I recently had the privilege of moderating a talk for the Malaysia Institute of Accountants (MIA) in Kuala Lumpur which prompted me to put pen to paper on the subject of Millennials.
The session was focused on how to attract the next generation of Accountants. Attracting, and, equally importantly, retaining millennials isn't a challenge just for the accountancy profession, but is a challenge for most clients that we speak with. Millennials are undoubtedly the most researched generation and are often typecast (unfairly?) as being lazy, entitled and self-absorbed. But is this due to the fact that they're misunderstood?
A PWC study recently showed that by 2020, 75% of the global workforce will be millennials and 60% of these will be in Asia. If the future of the workforce is the millennial generation (which it undoubtedly is) it's essential we wrap our heads around how we attract and retain this generation if we want to grow successful sustainable businesses.
Here are a few things that I've learnt through the course of preparing for and moderating this talk:
Millennials (also known as Gen Y) are born between 1982 and 2004 (I fall 'just' outside this range...).
They are technologically savvy and are the generation who have embraced technology more than any previous generations. It's their generation that coined the term 'personal media'. Unlike previous generations, they can consume what they want when they want. Wait for a TV show? no thanks, I'll watch it on my mobile while I'm commuting to work.
They have a strong sense of corporate responsibility, believe they can make a positive impact on the world and are strong supporters of diversity.
Unsurprisingly, they are much more globally minded than any previous generation.
They are entrepreneurial and more open to taking risks. Look at some of the most successful and lauded businesses of current times. They were founded by millennials. Research has shown that the average age for this generation setting up a business is 27, versus 35 for previous generations.
As a generation, they are far more adventurous and progressive than previous generations, and much more open to taking risks.
Whilst many of these may be generalisations, they are important ones to take into consideration when hiring and thinking about engaging this group of talent. Far from being negative traits, these are, generally impressive and enviable characteristics when harnessed in the right context.
Now, unfortunately, the right context doesn't simply mean choosing an open plan office and furnishing it with bean bags, a games room and an awesome coffee machine! So what should you consider when trying to harness the talents of this generation? Here a few to think about:
- They are multitaskers - this means they can be easily distracted. You have to think about this in the context of the role, how can you create variety to ensure they are engaged?
- They are connected - they are experts on social media and expect a company to also have an effective social media strategy that they can engage with.
- They are Tech savvy - more so than any previous generation. Does your company embrace technology, is it forward thinking when it comes to this?
- They like instant gratification and reward - this doesn't mean just monetary, but being recognised for performing well. Does your management embrace this?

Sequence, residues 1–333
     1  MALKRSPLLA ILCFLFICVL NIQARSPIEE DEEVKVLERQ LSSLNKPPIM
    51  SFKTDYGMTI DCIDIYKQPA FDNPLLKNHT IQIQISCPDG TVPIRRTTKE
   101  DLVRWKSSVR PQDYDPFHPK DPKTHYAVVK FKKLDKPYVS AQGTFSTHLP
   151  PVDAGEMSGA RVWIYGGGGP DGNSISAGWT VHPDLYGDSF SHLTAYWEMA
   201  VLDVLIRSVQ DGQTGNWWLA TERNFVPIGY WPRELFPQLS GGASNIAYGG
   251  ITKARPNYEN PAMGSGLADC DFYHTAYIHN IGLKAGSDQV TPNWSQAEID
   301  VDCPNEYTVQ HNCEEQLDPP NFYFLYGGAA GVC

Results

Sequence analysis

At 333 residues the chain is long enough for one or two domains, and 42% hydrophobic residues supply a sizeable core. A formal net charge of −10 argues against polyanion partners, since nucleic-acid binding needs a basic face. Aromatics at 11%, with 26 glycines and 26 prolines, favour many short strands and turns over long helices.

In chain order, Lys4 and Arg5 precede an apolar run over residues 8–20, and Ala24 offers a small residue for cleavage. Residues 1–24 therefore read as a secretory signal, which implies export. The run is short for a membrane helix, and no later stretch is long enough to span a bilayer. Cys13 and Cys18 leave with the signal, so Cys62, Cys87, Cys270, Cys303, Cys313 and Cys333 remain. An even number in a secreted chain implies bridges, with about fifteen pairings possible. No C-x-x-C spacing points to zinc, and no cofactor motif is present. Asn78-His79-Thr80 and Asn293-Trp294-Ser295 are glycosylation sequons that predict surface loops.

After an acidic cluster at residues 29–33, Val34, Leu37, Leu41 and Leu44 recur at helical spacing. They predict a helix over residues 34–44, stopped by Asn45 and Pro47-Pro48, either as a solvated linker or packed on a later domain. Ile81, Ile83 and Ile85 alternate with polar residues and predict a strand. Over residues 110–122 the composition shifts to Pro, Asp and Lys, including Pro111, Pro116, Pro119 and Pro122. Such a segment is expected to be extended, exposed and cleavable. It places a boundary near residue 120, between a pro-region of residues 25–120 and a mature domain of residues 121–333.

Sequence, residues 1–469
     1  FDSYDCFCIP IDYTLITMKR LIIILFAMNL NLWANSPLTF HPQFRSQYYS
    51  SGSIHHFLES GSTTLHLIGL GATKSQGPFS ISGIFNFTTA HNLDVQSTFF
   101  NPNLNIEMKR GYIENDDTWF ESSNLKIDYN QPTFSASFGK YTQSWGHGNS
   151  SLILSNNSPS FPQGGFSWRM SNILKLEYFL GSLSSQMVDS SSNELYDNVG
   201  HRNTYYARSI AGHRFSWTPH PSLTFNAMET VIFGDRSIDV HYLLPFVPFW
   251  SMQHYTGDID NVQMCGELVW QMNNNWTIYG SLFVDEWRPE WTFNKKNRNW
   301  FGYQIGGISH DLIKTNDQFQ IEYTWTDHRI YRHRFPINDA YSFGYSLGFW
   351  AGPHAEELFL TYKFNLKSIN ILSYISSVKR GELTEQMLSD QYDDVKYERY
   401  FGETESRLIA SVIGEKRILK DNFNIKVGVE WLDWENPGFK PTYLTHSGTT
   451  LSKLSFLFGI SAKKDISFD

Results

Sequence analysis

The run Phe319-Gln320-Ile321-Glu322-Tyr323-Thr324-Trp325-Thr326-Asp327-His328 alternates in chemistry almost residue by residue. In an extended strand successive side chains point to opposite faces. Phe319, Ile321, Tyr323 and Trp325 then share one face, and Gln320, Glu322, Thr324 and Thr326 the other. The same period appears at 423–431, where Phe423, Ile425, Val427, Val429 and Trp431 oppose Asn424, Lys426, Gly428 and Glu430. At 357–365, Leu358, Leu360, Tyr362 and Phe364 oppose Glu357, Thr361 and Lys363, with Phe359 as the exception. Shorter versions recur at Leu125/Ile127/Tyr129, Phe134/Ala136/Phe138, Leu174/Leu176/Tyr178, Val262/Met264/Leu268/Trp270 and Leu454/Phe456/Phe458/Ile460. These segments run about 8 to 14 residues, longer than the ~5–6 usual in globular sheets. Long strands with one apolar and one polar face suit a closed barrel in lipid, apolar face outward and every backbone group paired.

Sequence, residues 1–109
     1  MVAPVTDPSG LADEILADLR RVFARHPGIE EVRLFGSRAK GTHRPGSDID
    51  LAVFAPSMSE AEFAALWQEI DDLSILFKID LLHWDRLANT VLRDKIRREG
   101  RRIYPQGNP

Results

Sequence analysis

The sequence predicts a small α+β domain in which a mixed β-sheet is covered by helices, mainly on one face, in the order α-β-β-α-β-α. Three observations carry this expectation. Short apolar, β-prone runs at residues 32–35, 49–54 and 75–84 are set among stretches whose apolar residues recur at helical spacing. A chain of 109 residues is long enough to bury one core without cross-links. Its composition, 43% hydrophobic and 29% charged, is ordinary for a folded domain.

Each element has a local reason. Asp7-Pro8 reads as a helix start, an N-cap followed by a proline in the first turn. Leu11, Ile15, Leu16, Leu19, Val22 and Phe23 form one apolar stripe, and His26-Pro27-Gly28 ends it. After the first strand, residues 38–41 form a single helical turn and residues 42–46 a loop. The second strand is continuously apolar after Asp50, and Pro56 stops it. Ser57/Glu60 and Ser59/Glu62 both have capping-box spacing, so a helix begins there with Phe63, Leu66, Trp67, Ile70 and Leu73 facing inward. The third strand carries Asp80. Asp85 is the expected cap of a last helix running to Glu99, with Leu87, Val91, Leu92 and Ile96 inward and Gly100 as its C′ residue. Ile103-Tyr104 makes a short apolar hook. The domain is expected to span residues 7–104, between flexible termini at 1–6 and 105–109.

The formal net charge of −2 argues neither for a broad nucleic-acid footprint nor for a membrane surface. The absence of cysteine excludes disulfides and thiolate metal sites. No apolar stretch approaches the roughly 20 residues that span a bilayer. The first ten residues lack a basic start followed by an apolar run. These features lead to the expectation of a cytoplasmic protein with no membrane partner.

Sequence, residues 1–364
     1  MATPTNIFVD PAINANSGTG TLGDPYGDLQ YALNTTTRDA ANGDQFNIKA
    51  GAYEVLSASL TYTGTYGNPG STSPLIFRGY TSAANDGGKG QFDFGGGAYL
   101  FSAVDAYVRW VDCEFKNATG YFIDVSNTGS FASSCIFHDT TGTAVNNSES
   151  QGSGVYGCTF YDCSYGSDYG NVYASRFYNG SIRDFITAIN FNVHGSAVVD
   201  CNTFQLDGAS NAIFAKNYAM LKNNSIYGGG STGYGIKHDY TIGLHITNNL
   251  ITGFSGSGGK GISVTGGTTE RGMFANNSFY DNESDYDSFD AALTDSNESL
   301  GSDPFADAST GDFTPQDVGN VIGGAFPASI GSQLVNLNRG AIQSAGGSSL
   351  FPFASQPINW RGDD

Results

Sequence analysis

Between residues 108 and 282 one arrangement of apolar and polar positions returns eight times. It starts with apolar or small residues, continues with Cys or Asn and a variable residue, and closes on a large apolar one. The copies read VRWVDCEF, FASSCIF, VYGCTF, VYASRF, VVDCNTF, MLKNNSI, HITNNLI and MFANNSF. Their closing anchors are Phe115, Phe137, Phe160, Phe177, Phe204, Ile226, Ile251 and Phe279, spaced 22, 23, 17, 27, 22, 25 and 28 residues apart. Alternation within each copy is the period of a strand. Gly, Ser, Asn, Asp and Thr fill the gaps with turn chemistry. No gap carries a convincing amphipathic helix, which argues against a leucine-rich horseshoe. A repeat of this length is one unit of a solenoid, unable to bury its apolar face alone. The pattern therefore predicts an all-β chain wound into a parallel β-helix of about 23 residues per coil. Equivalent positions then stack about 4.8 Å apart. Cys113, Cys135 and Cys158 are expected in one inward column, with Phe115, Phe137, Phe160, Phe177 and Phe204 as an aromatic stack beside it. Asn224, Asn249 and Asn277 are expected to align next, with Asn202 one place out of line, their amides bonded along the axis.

- They want life experience, not simply a career path - yes, there is a difference. Think about what you offer your employees - is it the same job day after day, or are you investing and developing in them and enabling them to create and drive new experiences?
- Collaboration - this is a team orientated generation - they thrive by working together and believe together they can make a positive impact on the world.
- They want transparency - open and honest communication, feedback in the moment, not waiting 12 months for an annual appraisal
- Career advancement is important - they want to progress, they want to develop, they want to take on more responsibility
- They believe in CSR and having a purpose - does your company believe in giving back to society and have a platform to do this? Do your employees really believe that there is meaning in what they do?
- They want to be challenged - if they feel they aren't learning, if they feel they aren't making a difference, if they feel it's all too easy then they'll go somewhere else
- These are a few considerations that employers should think about when hiring and when looking at how to retain their people.
This generation is undoubtedly improving and bringing more meaning to work that we have ever seen before. They have made organisations rethink what they stand for, realign their responsibilities to employees and broader society, and spend much more time investing in how they too can make a positive impact in the world. In addition, organisations are rethinking roles, changing management styles (more coaching that dictatorial) and in turn seeing higher performance through these changes.
So, is this Millennial generation lazy, self-absorbed and entitled? There will be some for sure, but no more than any other generation. The difference is they are clear on what they want, aren't scared to voice their opinions and to walk away if they're not satisfied. That's hugely powerful and will continue to keep organisations on their toes and in doing so continue to improve workplaces, careers and, in turn, the world. Not bad work for a generation!
by Paul Endacott